How long do people with trisomy 20p live?
The life span of a person with trisomy 20p depends how severe their symptoms are and if they receive treatment. Most people with this condition live into adulthood.
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How is trisomy 20p diagnosed before birth?
If trisomy 20p is suspected, a sample of the baby’s DNA is needed to diagnose the condition. A baby’s DNA can be found in the placenta or in the amniotic fluid (the liquid surrounding the baby in the womb). Before 14 weeks, the placenta can be sampled through chorionic villus sampling (CVS). The doctor inserts an instrument through the mother's vagina or abdomen to obtain the sample. After 14 weeks, the amniotic fluid can be sampled through amniocentesis. The doctor inserts a needle through the mother’s abdomen. However, if there is not enough amniotic fluid (oligohydramnios), the doctor may do a CVS after 14 weeks.
The baby's DNA can be tested to see how many copies of chromosome 20p are present. A picture of the chromosomes, called a karyotype, can identify extra chromosome 20p material.
If I have a child with trisomy 20p, what are the chances that my next child will have it?
The risk of having another child with trisomy 20p depends on the chromosomes of the parents. Most of the time, parents of children with trisomy 20p have a change in the location of their chromosome 20p. This change is usually a translocation or inversion. In a translocation, part of a chromosome attaches to another chromosome and ends up in an unexpected location. In an inversion, a section of a chromosome switches positions, or flips around. Translocations and inversions make it more likely that future children will have the same condition. However, if there is no genetic change in the parents, the chances are much lower that another child will have trisomy 20p. Be sure to check with your healthcare team to talk about your risk. Genetic counselors can be found using the “Find a Genetic Counselor” tool on the National Society of Genetic Counselors’ website.
- “Find a Genetic Counselor” tool on the National Society of Genetic Counselors’ website
- Genetic Alliance: Chromosome Translocations
- Leeds Teaching Hospitals. Information for Parents: Chromosome Translocations
How are congenital heart defects treated in babies with trisomy 20p?
A congenital heart defect is a heart problem that is present at birth. If a child with trisomy 20p has a congenital heart defect, it may or may not require surgery. Sometimes only one procedure is needed. Other times, several surgeries and medication may be necessary. Treatment depends on the specific heart defect.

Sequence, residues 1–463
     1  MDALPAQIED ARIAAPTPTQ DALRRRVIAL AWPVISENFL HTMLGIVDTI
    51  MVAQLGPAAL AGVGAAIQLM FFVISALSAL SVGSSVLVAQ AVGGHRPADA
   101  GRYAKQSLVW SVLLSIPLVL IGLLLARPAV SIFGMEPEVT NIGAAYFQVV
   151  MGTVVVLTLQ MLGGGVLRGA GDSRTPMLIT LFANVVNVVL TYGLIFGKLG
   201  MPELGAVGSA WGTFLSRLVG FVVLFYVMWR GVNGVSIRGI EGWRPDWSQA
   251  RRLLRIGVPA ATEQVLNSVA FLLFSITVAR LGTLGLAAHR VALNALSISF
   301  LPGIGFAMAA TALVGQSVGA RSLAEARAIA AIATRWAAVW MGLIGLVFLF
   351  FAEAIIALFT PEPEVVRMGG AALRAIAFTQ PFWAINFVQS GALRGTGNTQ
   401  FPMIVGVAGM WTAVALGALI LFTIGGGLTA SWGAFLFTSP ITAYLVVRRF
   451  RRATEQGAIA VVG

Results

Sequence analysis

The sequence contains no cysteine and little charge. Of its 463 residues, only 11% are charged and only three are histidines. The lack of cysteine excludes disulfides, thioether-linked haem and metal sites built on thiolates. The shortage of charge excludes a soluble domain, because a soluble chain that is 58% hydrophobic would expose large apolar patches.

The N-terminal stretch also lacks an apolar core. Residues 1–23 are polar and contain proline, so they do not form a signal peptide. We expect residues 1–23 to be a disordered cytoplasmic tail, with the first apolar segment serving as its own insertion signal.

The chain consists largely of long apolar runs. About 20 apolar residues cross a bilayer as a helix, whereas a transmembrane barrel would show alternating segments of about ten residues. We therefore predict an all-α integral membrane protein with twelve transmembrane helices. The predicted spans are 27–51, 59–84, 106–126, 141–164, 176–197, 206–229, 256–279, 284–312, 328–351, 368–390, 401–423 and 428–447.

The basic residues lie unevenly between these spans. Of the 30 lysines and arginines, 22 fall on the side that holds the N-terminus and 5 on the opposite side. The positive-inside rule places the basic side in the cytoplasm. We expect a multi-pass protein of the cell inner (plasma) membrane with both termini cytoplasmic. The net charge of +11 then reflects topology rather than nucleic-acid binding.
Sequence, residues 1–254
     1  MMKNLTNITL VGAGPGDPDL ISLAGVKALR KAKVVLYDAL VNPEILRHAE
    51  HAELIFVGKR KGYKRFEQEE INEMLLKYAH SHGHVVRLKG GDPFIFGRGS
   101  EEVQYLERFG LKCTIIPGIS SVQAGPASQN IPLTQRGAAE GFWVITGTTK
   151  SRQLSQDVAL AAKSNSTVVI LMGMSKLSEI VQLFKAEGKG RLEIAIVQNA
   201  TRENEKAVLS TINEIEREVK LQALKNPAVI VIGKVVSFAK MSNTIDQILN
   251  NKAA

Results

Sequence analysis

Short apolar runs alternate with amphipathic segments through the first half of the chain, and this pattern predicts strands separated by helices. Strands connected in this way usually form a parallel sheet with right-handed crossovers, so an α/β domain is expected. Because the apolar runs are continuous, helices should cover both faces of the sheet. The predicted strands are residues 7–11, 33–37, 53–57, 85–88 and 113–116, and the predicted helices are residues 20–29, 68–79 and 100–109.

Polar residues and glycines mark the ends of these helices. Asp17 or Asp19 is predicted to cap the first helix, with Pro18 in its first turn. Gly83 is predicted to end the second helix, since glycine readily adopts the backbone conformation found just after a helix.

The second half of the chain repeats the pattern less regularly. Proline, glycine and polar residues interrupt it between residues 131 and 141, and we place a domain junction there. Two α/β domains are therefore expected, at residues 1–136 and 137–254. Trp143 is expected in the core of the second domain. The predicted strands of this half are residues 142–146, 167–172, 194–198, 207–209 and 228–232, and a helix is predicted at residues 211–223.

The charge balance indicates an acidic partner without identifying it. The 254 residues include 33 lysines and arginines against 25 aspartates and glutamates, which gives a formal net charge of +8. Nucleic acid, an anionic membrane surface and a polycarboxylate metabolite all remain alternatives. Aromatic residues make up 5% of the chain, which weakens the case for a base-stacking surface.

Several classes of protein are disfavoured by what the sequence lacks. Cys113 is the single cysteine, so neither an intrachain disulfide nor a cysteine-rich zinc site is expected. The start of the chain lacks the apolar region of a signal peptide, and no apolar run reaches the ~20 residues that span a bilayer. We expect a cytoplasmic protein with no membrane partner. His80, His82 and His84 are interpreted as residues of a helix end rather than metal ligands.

Will my child with trisomy 20p attend school?
Children with trisomy 20p can attend school. They may be in special classes that can tailor to their individual needs and intellectual ability. In these classes, children with trisomy 20p can be successful.
How common is trisomy 20p?
As of 2012, there have been 40 people known to have this disorder. This makes it extremely rare.
My doctor says that my child’s trisomy 20p was caused by an inversion. What is that?
An inversion is a change that can happen in the chromosomes. An inversion happens when a section of a chromosome switches locations, or flips. If the chromosomes are compared to books, then an inversion would be like a chapter in the book that is written backwards.
My doctor says that my child’s trisomy 20p was caused by a translocation. What is that?
A translocation is a change that can happen in the chromosomes. One part of a chromosome attaches to another chromosome where it does not normally belong. If the chromosomes are compared to books, then a translocation would be like pages of one book being placed into another book. Because the chromosome 20p information is in an unusual place, it is more likely that a child will inherit an extra copy. Speak with a genetic counselor to find out how this happens. A genetic counselor can also talk to you about the chance that this could happen in a future pregnancy. Genetic counselors can be found using the “Find a Genetic Counselor” tool on the National Society of Genetic Counselors’ website.
If a parent has a translocation or inversion that makes it more likely that they will have a child with trisomy 20p, how can they reduce their likelihood of having a child with the disorder?
In order to lower the chance of having a child with trisomy 20p, parents can choose in vitro fertilization (IVF) with preimplantation genetic diagnosis (PGD). This involves taking an egg from the mother and fertilizing it with sperm from the father. Either the egg or the developing embryo (the combined egg and sperm) can be tested for the genetic change that the parent has. An embryo without the same change can then be implanted into the mother. If you are interested in this option, consult your doctor or a fertility clinic in your area. You can also speak with a genetic counselor who specializes in assisted reproductive technology. Genetic counselors can be found using the “Find a Genetic Counselor” tool on the National Society of Genetic Counselors’ website.